A group of former students from five of Detroit’s worst-performing public schools is suing the Michigan Department of Education and Democratic Gov. Gretchen Whitmer for their constitutional right to access literacy.
In the 136-page lawsuit, six plaintiffs allege lack of up-to-date books, classrooms without teachers — but filled with black mold and rodents — building deficiencies and extreme temperatures deprived them of an adequate education.
One of the plaintiffs, Jamarria Hall, graduated in 2017 from Osborn High School. Now, the 20-year-old is trying to get through community college in Tallahassee, Florida, an undertaking he says has been difficult due to his lack of high school education.
He likens his four years in high school to “prison or daycare.” He says most days, students would sit in classrooms for hours — sometimes without a teacher — watching movies such as Disney’s “Frozen.” He says the school lacked heating or cooling, so days below freezing, students would wear winter coats to class.
The school lacked efficient drinking water and bathroom facilities, he says. The lawsuit details students finding “bullets, used condoms, sex toys, and dead vermin on the playground” and eating “moldy bread and expired milk” during lunch.
Those conditions piled onto the root of the lawsuit: the lack of a basic education.
Detroit has been strapped for qualified teachers. Hall claims some of his educators taught classes they knew “nothing” about, saying sometimes he would step in to help them. Hall also claims the high school’s books were dated or marked as resources for primary schoolers.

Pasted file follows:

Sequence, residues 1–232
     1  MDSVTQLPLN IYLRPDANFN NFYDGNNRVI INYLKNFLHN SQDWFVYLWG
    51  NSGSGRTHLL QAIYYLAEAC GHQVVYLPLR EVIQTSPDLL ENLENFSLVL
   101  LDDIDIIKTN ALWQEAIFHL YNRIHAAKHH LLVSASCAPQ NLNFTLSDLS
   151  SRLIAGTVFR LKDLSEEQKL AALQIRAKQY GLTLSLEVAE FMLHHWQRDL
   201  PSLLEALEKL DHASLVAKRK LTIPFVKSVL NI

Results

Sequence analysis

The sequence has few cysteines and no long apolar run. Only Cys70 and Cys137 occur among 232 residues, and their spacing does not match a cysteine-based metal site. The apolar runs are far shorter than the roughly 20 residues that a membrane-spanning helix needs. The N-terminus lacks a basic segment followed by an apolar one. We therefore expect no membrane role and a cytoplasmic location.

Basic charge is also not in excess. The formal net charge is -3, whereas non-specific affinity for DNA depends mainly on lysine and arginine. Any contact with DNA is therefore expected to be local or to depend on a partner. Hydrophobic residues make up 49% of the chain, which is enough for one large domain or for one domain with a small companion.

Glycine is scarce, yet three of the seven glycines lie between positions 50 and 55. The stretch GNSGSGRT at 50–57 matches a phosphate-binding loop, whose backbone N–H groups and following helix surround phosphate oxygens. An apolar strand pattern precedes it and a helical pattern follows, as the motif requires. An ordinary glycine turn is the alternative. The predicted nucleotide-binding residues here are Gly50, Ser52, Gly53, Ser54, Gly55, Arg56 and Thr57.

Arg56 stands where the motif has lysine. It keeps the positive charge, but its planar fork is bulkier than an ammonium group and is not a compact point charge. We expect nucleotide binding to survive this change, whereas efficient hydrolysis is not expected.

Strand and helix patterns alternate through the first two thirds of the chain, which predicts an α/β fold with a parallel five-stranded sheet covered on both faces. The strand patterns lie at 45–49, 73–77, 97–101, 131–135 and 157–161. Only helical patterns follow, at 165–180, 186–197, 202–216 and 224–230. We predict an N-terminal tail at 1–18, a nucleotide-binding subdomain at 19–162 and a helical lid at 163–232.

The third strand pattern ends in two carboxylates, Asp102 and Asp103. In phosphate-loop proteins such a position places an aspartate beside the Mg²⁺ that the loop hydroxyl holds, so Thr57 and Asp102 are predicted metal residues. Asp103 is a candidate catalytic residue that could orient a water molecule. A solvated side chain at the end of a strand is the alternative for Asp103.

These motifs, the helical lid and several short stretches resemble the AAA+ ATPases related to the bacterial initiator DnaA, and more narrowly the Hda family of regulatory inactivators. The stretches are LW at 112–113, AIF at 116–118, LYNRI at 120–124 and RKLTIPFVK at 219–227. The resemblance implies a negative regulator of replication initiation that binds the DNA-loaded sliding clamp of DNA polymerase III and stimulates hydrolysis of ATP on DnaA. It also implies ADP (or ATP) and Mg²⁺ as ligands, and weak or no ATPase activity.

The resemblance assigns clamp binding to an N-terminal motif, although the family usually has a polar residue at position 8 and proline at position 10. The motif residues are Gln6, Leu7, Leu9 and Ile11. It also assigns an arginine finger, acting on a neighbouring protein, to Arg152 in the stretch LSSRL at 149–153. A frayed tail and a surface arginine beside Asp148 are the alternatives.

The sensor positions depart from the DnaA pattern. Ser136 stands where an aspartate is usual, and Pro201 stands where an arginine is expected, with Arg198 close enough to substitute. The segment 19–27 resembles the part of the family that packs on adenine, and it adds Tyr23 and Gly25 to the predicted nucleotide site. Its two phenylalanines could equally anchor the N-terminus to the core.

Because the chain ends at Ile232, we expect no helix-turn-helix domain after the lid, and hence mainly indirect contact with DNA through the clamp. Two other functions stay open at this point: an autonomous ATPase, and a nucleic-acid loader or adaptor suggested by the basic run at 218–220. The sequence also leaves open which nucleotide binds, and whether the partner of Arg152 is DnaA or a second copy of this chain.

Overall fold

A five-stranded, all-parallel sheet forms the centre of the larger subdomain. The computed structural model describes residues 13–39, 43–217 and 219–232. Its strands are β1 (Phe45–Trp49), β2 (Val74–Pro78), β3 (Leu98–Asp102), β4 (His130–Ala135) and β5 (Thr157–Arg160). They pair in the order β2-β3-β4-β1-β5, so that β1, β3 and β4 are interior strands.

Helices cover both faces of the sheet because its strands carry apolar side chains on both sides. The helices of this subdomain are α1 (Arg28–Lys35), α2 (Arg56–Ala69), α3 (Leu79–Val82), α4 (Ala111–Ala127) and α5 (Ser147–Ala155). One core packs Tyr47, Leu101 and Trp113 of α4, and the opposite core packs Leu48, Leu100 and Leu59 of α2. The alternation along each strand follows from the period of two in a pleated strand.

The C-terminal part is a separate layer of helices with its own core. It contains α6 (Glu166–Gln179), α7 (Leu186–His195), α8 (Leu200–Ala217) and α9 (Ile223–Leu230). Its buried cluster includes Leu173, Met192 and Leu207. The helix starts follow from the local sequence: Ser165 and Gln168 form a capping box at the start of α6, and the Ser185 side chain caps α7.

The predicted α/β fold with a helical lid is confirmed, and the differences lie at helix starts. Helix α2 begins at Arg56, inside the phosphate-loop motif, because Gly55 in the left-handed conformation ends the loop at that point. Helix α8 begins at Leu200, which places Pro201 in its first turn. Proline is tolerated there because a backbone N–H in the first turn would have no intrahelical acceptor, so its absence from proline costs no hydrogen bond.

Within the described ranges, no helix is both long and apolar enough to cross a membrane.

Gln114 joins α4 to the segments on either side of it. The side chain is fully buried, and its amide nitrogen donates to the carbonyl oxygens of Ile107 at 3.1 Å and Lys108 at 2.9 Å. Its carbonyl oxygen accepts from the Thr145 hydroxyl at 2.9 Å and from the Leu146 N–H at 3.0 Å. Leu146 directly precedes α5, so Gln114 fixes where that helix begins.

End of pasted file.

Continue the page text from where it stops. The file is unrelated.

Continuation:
“Education is the basics to life,” he says. “How can you be a productive citizen to society without literacy or without being proficient in math or reading above a third-grade level?”
Some Detroit teachers are as angry as Hall. Renee Schenkman, once a teacher at the now-closed Experiencia Preparatory Academy, said for most of the time, she did not have a curriculum and relied on Google for help, according to NBC News.
He says the lawsuit doesn’t place blame on the teachers, but rather shows how under-resourced they were.
“I know the teachers care. I know the students want to learn,” he says.
“The people in the community want better,” he says, considering the learning conditions’ impact reaches farther than just the students.
“You can see it on the incarceration rate. You can see it on the death rate. You can see it on the dropout rate. You can see it on the gross income of the city,” he says.
The Department of Education and Gov. Whitmer declined to comment on the case. The governor has said that the state addressed public schools in Detriot in 2017 when it converted the main school district to a locally elected school board.
Whitmer has also said Michigan spent millions in 2016 to create a new debt-free school district called the Detroit Public Schools Community District.
In 2018, a similar class-action lawsuit was filed in Rhode Island after students accused the state of “failing to provide tens of thousands of students throughout the state with the necessary basic education and civic-participation skills.”
A three-judge panel in a circuit court is set to hear oral arguments on the Detroit case. A district court judge initially threw out the case, stating that their education wasn’t unconstitutional though the claims they made were concerning.
But Hall disagrees, saying “the gap in the room” is clear: He and his fellow students can’t “live the American dream” when they severely lack literacy proficiency to be able to effectively and intelligently act as civic participants in a democracy.
As a plaintiff on the lawsuit, he’s taking a stand for the future of Detroit Public Schools.
“I’m not saying that all schools need to be perfect,” he says, “but I’m saying that everyone at least needs to have a chance.”
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